The shooting is what the game's circulatory system runs on and it has a free form of quality that I quite enjoyed. Many of the combat environments are large and open-ended, allowing a variety of approaches. Will you find a vantage point and plan ahead, stay where you are and snipe everyone silly, or just burst into the enemy compound with one gun strapped to your meat and one to your two veg?
I quite liked the zipline mechanic. If such a thing was in, say, Call of Duty, you'd only be able to use it at a predetermined point indicated to your dumb ass by a little phantom zipline like the spirit of dead gameplay opportunities, but in Shadow Fall, you can zipline anywhere, providing a fast way from getting to a high point to a low point to keep the pace up. It would be nice if there were faster ways to get back up to high points, but sadly once you're in the fray, it's back to the usual waddling around in your armoured big boy trousers, trying to make snap judgement on how much of yourself can fit behind a wastepaper basket. And it can often be hard to predict what can be ziplined to and what can't. Of course, you can't zipline anywhere because this would be a sandbox game and you'd have more than the regulation amount of fun.
The zipline is one of the functions of a little flying robot friend who is the manifestation of their "use the new hardware or be fucking shot at dawn" part of the launch title remit, because you change its function with the new... "thing" on the PS4 controller. Not quite a button, not quite a track pad; I don't know what to call it, but I was using it for M&M storage. Your robot pal has four functions and you switch between them by wiping a bogey off on the whatever-it-is, so in this context, it's basically just another D-pad. But I found I rarely used its more exotic functions just because reaching over to the - well, I suppose I have to call it something - the controller's giant rectangular clitoris didn't feel natural with all my fingers engaged with the other more traditional buttons, and it seems like the robot's controls could have been worked into them without too much difficulty. I'm not sold frankly. It needs a game that can find an actual use for it. It's ideally situated for some kind of tongue control, but then again it would have to buy me dinner first.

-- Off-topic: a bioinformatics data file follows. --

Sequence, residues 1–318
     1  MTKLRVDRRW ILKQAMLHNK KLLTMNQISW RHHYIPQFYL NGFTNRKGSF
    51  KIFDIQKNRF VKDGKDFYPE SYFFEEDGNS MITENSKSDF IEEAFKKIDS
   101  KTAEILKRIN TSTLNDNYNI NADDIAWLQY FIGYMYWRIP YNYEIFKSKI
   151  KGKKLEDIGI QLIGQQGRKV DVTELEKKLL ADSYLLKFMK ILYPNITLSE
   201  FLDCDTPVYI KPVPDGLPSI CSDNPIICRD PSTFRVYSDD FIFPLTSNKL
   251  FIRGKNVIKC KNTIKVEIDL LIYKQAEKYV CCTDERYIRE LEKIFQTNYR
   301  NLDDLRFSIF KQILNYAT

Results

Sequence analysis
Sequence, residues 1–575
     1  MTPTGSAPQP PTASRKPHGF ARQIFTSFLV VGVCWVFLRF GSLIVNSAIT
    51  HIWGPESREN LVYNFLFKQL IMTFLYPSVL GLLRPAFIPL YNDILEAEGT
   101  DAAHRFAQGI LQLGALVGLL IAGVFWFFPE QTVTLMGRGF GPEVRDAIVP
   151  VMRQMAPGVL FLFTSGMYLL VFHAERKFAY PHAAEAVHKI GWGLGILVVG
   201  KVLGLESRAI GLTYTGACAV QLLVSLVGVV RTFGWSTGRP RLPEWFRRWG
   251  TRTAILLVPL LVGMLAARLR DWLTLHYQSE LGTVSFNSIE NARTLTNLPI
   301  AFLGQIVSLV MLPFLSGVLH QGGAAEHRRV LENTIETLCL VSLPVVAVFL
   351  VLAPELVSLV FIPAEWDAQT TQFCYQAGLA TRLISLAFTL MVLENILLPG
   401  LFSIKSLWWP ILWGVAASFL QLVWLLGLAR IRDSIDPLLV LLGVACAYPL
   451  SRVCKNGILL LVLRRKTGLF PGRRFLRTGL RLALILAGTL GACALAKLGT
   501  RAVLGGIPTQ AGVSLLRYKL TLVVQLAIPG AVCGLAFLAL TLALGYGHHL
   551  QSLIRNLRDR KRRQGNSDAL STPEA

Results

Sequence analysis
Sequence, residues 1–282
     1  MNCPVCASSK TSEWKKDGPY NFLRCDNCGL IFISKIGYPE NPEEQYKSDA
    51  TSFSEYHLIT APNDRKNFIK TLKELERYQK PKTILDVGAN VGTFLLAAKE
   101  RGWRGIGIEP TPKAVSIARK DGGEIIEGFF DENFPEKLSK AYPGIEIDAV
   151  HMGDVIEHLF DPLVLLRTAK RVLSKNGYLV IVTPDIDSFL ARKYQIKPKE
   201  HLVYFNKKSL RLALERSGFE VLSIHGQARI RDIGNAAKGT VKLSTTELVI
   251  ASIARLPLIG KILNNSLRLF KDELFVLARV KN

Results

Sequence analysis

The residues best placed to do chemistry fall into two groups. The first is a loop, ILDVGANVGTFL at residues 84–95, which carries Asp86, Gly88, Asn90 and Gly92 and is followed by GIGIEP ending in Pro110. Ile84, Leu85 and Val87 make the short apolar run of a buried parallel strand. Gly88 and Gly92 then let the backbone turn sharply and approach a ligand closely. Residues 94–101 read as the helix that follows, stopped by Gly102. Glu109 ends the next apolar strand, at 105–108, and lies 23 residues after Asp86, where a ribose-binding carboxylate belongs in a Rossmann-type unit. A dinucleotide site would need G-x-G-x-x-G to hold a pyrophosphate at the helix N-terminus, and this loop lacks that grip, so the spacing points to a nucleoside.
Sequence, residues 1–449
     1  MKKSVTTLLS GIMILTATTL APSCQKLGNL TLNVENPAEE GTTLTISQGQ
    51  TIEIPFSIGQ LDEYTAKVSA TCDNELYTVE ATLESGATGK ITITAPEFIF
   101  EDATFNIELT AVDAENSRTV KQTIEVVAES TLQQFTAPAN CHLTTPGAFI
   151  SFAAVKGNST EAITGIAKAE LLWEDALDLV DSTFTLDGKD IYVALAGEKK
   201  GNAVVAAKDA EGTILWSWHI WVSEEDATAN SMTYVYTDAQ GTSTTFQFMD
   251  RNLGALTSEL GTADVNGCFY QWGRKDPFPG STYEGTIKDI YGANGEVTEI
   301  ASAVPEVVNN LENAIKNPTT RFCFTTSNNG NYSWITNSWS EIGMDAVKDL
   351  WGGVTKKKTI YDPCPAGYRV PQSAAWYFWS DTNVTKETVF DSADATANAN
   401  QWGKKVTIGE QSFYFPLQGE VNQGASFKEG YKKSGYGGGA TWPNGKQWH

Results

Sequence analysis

But I digress. There's been a problem with AAA shooters for many years wherein the game is just dull linear shootouts in ugly little arenas with insanely spectacular skyboxes where all the actual effort seems to have gone. Well, Killzone: Shadow Fall has some very spectacular skyboxes indeed and more than a few dull grimy levels that drag on too long, but there's also plenty of places where the line between pretty skybox and gameplay arena becomes, like the face of an ugly barfly after a few more pints, appealingly blurry. It's certainly a far more certainly impressive display of hardware graphics than Knack was, (if that matters to you, Brian fucking Sewell.) But... ...Yes, well done, we remember how that sentence goes, don't we?
And I found myself distinctly ungrabbed by the story. Maybe that's because there's absolutely no character in the entire plot I felt that I could root for, and it ends anticlimactically. It just sort of apologetically peters out like a fart in a sauna. Without wishing to spoil, it gets us all worked up about averting a war between Vektan and Helghast, but then it just sort of gives up on the idea. I guess 'cos there'd be no game otherwise. What are they supposed to do in the sequel, argue over who finished off the milk?
Should have called it Killbone Wahey am I right fellas: Ben "Yahtzee" Croshaw
You have now received your regulation amount of fun; continue about your business citizen
And after the milk comes the passive-aggressive notes